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Dilkon requests exclusion of Pittmans

Dilkon requests exclusion of Pittmans


Dilkon Chapter on Tuesday passed a resolution asking the Navajo Nation president and Department of Justice to exclude Dante and Rivke Pittman, aka ’Aiy and Qmamti Bnu, from the reservation based on their alleged ties to an extremist cult.

’Aiy and Bnu say they are not affiliated with the Nuwaubian Nation of Moors, as the resolution alleges, although two fundraising websites for a sundance they are hosting in Dilkon referred to Dr. Malachi Z. York, an alias for Dwight York, the imprisoned leader of the Black separatist sect.

“The chapter resolution is fictitious and has no merit for illegal exclusion of my family,” Bnu wrote in a Facebook message to the Times.

Navajo Nation President Russell Begaye’s spokesman, Mihio Manus, did not respond to an email seeking comment.

The sundance, which started Wednesday, was continuing one mile north of the Dilkon District Court Friday.

The resolution states the Pittmans do not have permission from the grazing permit holders to use the land for a sundance, but the Pittmans say the land was a fenced cornfield when they leveled it for use as a sundance grounds and not grazing land.

It further states Dante Pittman, a non-Navajo, has been “disruptive, aggressive, threatening, harassing, disrespectful and generally unacceptable to Dilkon Chapter grazing official, neighbors and relatives” and “has offended the citizens of the Dilkon Chapter to the extent that Mr. Dante Pittman is no longer welcome in the community.”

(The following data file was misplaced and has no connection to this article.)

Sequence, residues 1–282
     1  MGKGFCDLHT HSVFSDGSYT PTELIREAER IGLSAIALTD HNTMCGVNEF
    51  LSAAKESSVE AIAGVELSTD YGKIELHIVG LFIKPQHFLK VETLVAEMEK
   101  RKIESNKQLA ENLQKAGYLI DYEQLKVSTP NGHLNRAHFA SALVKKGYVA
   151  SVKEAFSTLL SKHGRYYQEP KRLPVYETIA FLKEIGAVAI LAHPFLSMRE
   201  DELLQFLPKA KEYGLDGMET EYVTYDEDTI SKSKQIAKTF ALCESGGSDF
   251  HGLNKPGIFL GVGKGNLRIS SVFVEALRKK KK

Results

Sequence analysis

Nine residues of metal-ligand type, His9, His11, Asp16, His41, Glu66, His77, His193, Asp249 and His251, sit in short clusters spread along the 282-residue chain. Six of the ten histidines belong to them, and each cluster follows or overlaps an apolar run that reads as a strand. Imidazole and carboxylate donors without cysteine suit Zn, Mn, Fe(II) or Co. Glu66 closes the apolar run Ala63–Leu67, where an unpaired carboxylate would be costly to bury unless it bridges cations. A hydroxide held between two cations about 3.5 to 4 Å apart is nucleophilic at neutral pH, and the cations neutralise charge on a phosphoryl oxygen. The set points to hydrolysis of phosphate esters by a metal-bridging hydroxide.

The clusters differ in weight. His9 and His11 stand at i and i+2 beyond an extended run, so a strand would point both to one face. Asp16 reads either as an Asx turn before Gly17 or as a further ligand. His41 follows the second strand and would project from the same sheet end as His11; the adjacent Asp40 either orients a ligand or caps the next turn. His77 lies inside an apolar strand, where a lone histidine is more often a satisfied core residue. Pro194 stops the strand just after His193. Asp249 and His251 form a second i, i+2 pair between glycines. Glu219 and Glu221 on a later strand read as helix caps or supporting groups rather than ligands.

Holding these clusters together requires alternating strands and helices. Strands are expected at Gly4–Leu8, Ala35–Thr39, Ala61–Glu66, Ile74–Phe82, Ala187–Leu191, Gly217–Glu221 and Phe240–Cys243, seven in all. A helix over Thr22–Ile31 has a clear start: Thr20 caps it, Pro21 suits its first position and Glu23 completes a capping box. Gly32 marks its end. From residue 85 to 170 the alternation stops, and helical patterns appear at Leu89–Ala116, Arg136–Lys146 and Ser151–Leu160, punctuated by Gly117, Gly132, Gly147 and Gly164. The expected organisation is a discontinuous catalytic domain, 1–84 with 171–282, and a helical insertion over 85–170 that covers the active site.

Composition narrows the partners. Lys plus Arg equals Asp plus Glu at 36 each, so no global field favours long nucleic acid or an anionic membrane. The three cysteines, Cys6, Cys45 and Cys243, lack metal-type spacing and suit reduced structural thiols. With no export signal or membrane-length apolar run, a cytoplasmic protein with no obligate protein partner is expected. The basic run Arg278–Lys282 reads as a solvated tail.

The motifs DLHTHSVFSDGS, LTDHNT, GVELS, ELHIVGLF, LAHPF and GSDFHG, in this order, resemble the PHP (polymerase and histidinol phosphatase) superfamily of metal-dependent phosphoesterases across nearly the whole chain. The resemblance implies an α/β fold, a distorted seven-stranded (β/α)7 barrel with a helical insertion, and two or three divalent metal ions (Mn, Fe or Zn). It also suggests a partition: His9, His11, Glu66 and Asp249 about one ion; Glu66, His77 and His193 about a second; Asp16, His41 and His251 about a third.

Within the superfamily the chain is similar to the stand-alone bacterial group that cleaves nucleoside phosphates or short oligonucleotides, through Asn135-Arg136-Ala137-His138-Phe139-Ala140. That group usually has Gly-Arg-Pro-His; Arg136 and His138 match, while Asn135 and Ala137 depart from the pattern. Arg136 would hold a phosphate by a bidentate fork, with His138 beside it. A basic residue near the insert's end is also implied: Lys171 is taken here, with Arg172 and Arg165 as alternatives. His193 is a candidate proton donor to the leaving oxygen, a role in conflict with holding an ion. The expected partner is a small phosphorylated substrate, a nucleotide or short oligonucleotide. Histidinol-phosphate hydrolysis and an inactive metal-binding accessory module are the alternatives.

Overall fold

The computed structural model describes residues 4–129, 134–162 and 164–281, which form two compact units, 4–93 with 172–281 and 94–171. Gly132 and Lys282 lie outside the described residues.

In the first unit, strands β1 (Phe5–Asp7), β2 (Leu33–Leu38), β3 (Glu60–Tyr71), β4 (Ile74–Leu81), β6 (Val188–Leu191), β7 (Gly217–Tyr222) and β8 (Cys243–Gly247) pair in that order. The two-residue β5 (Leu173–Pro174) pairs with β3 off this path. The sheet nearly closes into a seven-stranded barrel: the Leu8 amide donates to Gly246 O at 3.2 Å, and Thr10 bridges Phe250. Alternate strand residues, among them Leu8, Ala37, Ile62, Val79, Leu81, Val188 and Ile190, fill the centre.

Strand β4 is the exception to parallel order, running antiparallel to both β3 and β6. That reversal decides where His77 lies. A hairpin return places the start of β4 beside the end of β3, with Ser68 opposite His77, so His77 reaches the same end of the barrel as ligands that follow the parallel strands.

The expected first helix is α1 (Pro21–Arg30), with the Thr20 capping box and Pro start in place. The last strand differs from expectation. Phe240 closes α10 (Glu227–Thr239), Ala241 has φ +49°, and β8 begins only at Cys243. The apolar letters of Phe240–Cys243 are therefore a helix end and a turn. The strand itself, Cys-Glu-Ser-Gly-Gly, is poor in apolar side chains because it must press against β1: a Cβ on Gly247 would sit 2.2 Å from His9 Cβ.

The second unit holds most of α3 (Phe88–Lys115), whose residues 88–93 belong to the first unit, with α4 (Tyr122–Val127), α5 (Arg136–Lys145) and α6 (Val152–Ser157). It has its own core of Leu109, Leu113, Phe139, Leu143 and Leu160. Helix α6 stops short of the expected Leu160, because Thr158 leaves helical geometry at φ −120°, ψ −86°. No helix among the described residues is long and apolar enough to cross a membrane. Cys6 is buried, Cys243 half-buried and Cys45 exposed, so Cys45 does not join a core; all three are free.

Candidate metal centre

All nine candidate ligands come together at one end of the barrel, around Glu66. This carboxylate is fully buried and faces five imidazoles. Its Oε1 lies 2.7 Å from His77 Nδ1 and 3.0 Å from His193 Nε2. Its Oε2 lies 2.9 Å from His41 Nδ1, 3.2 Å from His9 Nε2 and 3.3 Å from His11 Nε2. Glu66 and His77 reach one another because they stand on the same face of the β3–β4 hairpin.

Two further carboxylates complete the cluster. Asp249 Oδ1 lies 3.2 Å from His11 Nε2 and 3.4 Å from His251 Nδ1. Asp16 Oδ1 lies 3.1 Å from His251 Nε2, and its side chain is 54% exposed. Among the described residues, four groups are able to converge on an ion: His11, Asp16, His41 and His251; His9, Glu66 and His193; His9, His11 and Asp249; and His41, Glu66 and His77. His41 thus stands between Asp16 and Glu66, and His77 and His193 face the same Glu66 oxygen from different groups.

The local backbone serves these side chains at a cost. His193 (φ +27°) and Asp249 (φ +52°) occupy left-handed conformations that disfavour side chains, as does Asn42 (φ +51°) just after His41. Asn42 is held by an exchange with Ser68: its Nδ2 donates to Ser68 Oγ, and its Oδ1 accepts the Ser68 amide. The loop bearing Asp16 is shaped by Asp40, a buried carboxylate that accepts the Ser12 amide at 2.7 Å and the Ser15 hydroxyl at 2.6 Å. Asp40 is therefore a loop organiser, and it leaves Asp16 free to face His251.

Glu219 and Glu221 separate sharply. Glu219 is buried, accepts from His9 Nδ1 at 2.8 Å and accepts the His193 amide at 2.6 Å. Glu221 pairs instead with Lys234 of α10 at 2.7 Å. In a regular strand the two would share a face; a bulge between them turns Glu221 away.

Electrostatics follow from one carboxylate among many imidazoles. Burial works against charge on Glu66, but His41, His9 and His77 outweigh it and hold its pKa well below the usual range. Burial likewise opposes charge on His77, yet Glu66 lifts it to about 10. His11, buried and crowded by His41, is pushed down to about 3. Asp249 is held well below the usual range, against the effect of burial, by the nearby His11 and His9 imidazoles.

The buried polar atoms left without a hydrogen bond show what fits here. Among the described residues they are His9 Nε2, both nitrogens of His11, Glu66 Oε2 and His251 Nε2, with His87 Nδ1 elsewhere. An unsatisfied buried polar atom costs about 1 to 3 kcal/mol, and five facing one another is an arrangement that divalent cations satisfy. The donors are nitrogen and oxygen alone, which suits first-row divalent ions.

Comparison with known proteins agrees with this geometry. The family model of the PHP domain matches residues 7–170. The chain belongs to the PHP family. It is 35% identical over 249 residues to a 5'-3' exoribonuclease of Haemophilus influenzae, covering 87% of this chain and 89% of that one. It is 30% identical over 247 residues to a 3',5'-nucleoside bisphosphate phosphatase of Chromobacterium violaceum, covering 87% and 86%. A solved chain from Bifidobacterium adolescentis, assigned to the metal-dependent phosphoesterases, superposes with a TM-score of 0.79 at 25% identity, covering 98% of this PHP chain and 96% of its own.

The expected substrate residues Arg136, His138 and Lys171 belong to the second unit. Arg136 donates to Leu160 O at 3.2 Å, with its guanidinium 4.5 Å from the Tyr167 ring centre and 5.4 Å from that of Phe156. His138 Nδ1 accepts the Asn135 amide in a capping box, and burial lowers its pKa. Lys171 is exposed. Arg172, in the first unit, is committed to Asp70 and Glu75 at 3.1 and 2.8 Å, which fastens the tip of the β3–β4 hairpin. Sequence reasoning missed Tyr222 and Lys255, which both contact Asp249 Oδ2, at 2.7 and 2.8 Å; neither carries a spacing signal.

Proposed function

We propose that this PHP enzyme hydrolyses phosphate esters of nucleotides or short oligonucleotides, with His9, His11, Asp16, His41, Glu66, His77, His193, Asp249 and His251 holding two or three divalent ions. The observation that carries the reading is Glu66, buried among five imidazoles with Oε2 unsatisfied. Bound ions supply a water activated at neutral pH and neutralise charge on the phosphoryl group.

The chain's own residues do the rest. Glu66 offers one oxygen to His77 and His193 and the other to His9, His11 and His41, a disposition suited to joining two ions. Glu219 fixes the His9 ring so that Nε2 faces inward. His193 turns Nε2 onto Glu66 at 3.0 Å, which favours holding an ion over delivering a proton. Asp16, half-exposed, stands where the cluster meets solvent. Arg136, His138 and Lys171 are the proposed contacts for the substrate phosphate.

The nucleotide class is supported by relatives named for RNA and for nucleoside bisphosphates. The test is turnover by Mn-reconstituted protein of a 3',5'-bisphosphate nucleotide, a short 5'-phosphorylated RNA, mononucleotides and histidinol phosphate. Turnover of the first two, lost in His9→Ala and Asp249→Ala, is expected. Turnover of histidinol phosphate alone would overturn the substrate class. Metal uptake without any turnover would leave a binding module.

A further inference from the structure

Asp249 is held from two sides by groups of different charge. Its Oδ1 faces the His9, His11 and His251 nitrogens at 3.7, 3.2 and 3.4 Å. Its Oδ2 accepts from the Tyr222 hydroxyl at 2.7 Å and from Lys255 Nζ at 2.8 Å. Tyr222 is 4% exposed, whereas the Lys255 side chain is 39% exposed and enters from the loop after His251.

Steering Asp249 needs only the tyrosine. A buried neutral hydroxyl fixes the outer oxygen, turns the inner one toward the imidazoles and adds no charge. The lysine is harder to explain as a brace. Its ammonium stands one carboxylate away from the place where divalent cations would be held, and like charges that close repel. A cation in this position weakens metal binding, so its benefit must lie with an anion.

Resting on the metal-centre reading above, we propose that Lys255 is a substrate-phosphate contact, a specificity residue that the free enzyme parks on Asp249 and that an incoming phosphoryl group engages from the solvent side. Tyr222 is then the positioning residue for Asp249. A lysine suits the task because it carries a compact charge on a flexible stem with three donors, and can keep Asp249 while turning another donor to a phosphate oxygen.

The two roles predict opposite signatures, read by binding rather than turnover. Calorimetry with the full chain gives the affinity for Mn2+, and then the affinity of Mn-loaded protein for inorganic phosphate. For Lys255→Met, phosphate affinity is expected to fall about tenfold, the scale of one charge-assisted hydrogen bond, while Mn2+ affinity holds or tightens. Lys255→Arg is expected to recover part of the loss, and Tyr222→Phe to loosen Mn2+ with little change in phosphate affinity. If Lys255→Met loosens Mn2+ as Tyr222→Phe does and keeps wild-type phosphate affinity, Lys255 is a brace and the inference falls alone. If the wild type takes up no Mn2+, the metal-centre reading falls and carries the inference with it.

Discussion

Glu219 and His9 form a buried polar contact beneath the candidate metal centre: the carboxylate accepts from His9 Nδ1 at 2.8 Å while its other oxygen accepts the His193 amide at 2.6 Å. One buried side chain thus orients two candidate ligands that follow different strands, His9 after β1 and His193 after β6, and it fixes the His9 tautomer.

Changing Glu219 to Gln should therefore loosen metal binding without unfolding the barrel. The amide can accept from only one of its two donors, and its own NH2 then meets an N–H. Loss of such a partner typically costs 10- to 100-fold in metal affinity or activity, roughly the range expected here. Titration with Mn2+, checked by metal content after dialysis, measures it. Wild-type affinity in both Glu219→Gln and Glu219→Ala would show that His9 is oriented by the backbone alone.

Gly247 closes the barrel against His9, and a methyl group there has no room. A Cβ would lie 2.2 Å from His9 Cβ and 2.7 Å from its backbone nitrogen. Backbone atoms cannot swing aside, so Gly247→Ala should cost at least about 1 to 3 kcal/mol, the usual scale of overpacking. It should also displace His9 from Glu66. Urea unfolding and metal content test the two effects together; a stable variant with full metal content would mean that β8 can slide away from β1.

The resolution passed 58-0-3 at an emergency chapter meeting called Tuesday after some residents became concerned about posters advertising the sundance that seemed to be geared toward children, in colorful hand-drawn text with pictures of hearts and flowers.

York is currently in federal prison in Colorado after pleading guilty in 2003 to 77 counts of child sexual abuse.

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About The Author

Cindy Yurth

Cindy Yurth is the Tséyi' Bureau reporter, covering the Central Agency of the Navajo Nation. Her other beats include agriculture and Arizona state politics. She holds a bachelor’s degree in technical journalism from Colorado State University with a cognate in geology. She has been in the news business since 1980 and with the Navajo Times since 2005, and is the author of “Exploring the Navajo Nation Chapter by Chapter.” She can be reached at


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